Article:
Jeffrey Smith is a PhD candidate in the biology department at Stanford. He works both with the Natural Capital Project and the Stanford Center for Conservation Biology on understanding the impacts of human land use on biodiversity. His primary research focus is on understanding how the conversion of natural habitats to human uses (either agriculture or residential development) impacts biodiversity. Jeffrey principally studies insect biodiversity, but given their importance in food webs and ecosystems, he also considers patterns of plant diversity and bird diversity regularly. He studies these impacts using classical field research methods, emerging lab-based genetic techniques, and computer models. Recognizing the the need to scale local results to relevant to management and policy decisions, Jeffrey seeks to complement empirical work with spatial models of biodiversity; including; the distribution of species, the spatial patterns of habitat types, and variability in ecosystem structure. This work pulls both from primary data collected in the field as well as publicly available data and spans spatial scales from national (Costa Rica) to regional (the neotropics) to global.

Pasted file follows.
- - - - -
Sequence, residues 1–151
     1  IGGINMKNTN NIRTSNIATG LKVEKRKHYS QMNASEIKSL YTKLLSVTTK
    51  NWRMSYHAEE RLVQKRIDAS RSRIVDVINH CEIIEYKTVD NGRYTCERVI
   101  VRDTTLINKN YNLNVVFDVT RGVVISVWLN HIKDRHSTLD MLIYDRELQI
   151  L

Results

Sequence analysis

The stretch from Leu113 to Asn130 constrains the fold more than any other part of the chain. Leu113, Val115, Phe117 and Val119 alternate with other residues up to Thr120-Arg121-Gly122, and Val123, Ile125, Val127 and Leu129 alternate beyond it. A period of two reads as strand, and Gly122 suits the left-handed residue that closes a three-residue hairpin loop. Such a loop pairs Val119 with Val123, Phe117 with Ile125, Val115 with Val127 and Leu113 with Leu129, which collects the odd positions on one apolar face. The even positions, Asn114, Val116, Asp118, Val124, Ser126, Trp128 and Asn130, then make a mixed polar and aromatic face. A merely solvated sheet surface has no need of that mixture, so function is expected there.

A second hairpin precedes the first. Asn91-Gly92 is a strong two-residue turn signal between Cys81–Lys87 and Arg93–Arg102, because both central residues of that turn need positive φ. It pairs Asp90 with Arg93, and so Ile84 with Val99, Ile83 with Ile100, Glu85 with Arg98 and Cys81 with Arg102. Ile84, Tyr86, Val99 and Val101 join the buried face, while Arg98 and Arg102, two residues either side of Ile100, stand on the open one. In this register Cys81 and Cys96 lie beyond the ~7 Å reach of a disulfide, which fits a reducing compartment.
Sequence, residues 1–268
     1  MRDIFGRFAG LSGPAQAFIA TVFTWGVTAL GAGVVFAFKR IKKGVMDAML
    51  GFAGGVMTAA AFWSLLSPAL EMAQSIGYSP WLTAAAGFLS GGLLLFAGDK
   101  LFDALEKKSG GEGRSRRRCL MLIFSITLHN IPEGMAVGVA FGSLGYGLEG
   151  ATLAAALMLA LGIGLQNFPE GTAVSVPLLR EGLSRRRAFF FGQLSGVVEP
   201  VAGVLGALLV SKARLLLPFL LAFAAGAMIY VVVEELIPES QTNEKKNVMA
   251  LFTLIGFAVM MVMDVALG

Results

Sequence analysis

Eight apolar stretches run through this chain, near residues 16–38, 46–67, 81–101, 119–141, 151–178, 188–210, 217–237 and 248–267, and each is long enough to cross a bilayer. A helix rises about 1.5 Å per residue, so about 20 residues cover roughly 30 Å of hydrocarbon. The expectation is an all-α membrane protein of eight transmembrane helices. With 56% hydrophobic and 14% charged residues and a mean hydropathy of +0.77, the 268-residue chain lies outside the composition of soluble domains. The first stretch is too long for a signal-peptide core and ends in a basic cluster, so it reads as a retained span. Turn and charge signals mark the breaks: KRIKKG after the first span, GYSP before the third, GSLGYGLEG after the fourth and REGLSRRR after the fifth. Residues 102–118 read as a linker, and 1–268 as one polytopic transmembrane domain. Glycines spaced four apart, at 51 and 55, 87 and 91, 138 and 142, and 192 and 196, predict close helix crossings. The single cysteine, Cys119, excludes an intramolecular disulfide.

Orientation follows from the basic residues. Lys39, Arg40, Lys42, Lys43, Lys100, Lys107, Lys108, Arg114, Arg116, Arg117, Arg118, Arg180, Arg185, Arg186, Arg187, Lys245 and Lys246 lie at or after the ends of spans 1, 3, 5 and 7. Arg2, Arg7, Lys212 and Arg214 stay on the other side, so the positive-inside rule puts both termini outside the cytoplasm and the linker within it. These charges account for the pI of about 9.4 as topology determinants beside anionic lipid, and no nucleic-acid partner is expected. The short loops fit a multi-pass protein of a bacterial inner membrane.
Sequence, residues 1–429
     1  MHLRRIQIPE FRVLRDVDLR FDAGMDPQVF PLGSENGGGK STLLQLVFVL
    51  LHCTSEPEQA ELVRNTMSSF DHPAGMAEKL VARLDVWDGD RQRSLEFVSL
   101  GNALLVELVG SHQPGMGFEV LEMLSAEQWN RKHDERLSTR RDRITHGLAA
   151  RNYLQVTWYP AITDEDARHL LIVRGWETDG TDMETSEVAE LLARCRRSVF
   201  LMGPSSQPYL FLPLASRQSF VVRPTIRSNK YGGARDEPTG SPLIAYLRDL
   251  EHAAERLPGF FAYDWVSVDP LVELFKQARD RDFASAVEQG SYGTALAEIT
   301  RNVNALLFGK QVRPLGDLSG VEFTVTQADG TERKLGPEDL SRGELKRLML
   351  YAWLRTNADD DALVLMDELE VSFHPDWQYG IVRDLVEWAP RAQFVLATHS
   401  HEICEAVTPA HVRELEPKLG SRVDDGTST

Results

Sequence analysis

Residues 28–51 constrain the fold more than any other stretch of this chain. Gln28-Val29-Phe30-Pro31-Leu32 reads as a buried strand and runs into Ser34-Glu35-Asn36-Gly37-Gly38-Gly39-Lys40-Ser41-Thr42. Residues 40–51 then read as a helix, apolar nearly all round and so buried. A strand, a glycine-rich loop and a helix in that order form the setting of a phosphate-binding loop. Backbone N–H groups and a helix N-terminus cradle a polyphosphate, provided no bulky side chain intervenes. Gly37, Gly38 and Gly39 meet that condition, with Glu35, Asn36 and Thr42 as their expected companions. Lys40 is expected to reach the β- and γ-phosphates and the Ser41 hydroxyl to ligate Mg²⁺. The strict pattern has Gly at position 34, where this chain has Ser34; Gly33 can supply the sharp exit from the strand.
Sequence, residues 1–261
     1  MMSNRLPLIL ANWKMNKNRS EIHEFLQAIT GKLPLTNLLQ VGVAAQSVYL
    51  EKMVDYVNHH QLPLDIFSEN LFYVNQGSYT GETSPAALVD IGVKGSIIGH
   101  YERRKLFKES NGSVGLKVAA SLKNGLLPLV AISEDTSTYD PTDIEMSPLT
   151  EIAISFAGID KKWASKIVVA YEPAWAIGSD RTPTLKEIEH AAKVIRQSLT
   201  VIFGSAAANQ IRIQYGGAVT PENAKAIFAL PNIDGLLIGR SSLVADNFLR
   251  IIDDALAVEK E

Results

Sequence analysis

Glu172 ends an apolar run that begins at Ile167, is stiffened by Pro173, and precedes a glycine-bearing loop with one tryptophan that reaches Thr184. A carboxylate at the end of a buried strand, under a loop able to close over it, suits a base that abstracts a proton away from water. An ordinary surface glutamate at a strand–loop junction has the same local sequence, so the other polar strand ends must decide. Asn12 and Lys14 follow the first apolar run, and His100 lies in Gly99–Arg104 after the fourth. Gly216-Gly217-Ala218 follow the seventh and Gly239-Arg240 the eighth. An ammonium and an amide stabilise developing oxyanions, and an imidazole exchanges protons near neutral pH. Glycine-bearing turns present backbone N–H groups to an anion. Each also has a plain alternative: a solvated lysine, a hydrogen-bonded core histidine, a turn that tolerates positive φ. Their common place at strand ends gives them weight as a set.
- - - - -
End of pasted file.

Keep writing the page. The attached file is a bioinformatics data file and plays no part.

Jeffrey holds a MESc from the Yale School of Forestry and Environmental Studies and a BS from the University of Delaware. He is the recipient of a National Science Foundation Graduate Research Fellowship and has received research funding the NASA, the American Philosophical Society, and the Organization for Tropical Studies. He was selected a Beijer Young Scholar, an interdisciplinary group of 20 young scientists tackling the impact of globalization on the biosphere, and has received numerous awards for his writing, scientific speaking, and teaching while at Stanford.